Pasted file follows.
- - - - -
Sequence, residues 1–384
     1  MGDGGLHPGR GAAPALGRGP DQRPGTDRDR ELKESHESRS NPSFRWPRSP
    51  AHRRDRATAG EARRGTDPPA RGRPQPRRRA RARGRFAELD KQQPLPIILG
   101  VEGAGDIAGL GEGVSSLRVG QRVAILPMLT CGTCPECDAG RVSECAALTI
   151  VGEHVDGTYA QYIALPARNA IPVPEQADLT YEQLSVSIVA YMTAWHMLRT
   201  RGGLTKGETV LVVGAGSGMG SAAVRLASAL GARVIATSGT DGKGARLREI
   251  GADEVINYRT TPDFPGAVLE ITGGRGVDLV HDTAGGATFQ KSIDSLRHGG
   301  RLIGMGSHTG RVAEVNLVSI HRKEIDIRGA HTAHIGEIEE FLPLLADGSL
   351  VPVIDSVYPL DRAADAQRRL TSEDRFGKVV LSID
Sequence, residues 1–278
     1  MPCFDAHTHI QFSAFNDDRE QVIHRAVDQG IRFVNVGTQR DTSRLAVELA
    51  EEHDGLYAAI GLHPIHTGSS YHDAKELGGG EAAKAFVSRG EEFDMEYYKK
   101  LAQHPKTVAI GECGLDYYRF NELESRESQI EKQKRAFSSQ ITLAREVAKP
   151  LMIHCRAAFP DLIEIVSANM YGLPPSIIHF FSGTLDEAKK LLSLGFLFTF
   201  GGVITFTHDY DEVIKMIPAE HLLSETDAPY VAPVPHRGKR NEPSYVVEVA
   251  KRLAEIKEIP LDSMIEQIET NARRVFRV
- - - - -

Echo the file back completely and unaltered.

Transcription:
Sequence, residues 1–384
     1  MGDGGLHPGR GAAPALGRGP DQRPGTDRDR ELKESHESRS NPSFRWPRSP
    51  AHRRDRATAG EARRGTDPPA RGRPQPRRRA RARGRFAELD KQQPLPIILG
   101  VEGAGDIAGL GEGVSSLRVG QRVAILPMLT CGTCPECDAG RVSECAALTI
   151  VGEHVDGTYA QYIALPARNA IPVPEQADLT YEQLSVSIVA YMTAWHMLRT
   201  RGGLTKGETV LVVGAGSGMG SAAVRLASAL GARVIATSGT DGKGARLREI
   251  GADEVINYRT TPDFPGAVLE ITGGRGVDLV HDTAGGATFQ KSIDSLRHGG
   301  RLIGMGSHTG RVAEVNLVSI HRKEIDIRGA HTAHIGEIEE FLPLLADGSL
   351  VPVIDSVYPL DRAADAQRRL TSEDRFGKVV LSID
Sequence, residues 1–278
     1  MPCFDAHTHI QFSAFNDDRE QVIHRAVDQG IRFVNVGTQR DTSRLAVELA
    51  EEHDGLYAAI GLHPIHTGSS YHDAKELGGG EAAKAFVSRG EEFDMEYYKK
   101  LAQHPKTVAI GECGLDYYRF NELESRESQI EKQKRAFSSQ ITLAREVAKP
   151  LMIHCRAAFP DLIEIVSANM YGLPPSIIHF FSGTLDEAKK LLSLGFLFTF
   201  GGVITFTHDY DEVIKMIPAE HLLSETDAPY VAPVPHRGKR NEPSYVVEVA
   251  KRLAEIKEIP LDSMIEQIET NARRVFRV